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UK e-voting pilots deeply flawed

Security expert speaks out

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A leading British academic has warned of the shortcomings of electronic voting schemes tried at this year's local elections.

The criticism, from Dr Ben Fairweather, Research Fellow at De Montfort University's Centre for Computing and Social Responsibility, comes in advance of the publication of the Electoral Commission's evaluation of the pilot schemes due later today.

Last May saw the country's largest ever trial of e-voting. In English local elections over 1.5 million people in 18 local council areas were able to take part in voting trials by text message, Internet, electronic kiosk and, for the first time ever, digital TV.

Dr Fairweather said: "I have seen most, if not all of the pilot schemes demonstrated, and have spotted substantial flaws with some of them, including one system which violated its own security model."

He said the system used in Shrewsbury and Kerrier, Cornwall adopted a CESG security model that called for candidate codes to be sent to voters by post, as a security precaution. But people could request this information online on the day in violation of this security policy.

In Sheffield matters were worse. Many polling stations were without an Internet connection on polling day. As a result voters could get a vote at a poling station while still being able to vote again online from home.

Dr Fairweather said it might be possible to implement e-voting from a secure location, like a polling station but he suggested secure and anonymous voting from home remains fraught with problems. As analogue TV transmissions are phased out, digital TV places a means to vote electronically in more homes. But that doesn't solve all the problems in voting from home.

"For one thing how do you know who's in the room with someone when they vote and how can you be sure they are not trying to influence someone's vote?" he asked.

Dr Fairweather urged the government to go slow on plans to introduce e-voting and to take the concerns of security experts and academics on board. For example, the government should use open source systems (which are open to inspection) for e-voting, not the closed systems currently in vogue.

He suggested the government's stated goal of offering e-voting for the general election after next (which will probably take place around 2009/2010) was probably unrealistic.

"This target assumes smooth progress with early pilots, which hasn't been met. Also a general election is such a high profile target for hackers - so the risks are severe," Dr Fairweather argued.

Dr Fairweather reserves some of his harshest criticisms for voting by text message.

"There are really serious worries about SMS voting. Operators can disgard text messages if their systems are busy. Also people are obliged to key in long sequences to vote by text."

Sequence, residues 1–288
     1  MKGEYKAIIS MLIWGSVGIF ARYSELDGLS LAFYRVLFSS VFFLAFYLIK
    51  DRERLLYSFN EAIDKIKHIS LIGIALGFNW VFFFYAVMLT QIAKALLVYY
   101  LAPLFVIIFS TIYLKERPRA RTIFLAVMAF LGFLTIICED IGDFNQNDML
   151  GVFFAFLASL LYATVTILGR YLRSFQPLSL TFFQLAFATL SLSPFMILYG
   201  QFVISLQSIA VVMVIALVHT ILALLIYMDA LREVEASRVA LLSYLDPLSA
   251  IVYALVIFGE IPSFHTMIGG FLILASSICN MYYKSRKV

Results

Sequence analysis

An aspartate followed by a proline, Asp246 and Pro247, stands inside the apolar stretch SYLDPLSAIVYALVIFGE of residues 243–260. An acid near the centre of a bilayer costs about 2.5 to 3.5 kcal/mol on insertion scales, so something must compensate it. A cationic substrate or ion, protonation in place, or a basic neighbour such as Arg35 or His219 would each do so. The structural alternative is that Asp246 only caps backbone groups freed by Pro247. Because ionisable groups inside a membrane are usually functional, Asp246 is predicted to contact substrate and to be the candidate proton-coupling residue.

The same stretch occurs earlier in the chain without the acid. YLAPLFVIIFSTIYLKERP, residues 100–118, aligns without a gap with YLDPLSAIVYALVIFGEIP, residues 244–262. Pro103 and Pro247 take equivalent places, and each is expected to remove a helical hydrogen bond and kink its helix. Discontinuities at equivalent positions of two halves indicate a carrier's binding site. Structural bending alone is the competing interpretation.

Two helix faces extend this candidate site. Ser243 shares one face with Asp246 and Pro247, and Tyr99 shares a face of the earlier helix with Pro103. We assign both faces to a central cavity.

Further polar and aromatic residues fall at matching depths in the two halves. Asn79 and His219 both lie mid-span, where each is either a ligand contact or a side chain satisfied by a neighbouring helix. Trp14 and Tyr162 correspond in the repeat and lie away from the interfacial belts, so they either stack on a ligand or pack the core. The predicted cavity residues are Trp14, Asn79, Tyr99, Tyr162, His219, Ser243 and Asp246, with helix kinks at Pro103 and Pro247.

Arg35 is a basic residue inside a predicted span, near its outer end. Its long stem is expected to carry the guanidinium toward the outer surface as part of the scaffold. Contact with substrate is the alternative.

"It's a pale imitation of a cross on a piece of paper. Electronic voting in general has not reached maturity," he added.

Dr Fairweather's response to the Government consultation on electronic democracy can be seen here. His response to the associated Government report on e-voting security can be found here.

Major problems with e-voting

Dr Fairweather's criticism echo those made by think tank the Foundation for Information Policy Research (FIPR) on polling day.

It warned that voting systems such as those being trialled in May's local government elections could lead to major problems and undermine public confidence in the electoral process. In particular, the FIPR was concerned about the lack of a paper audit trail that could be verified by voters and later by election scrutinisers.

Technical glitches on the big day

Most of the problems on polling day centred on getting the technology to work in the first place.

In St Albans, for example, the technology on trial went on the blink, with local papers reporting that confusion was such that it almost led to the vote being declared null and void.

The problem centred on the Presiding Officers' PCs, which are designed to check the electoral roll as voters entered the polling station. As a result, voters were forced to resort to traditional methods of voting - a piece of paper and a crayon.

A question of accessibility

One of the main benefits cited by the government in support of e-voting is accessibility. Make voting more accessible, the thinking goes, and more citizens will vote.

As far from everyone has a computer, the government extols the use of public accessibility terminals in libraries for voting.

Which is ironic when a lot of the problem for government in getting shiftless bastards (AKA the electorate) to vote right now is getting them to go down to polling stations in, er, libraries. ®

Related Stories

Fraud potential found in e-voting systems
FIPR highlights e-voting risks
E-voting could cure voter apathy
E-voting: another UK Government gimmick?
Govt unveils plans for eDemocracy

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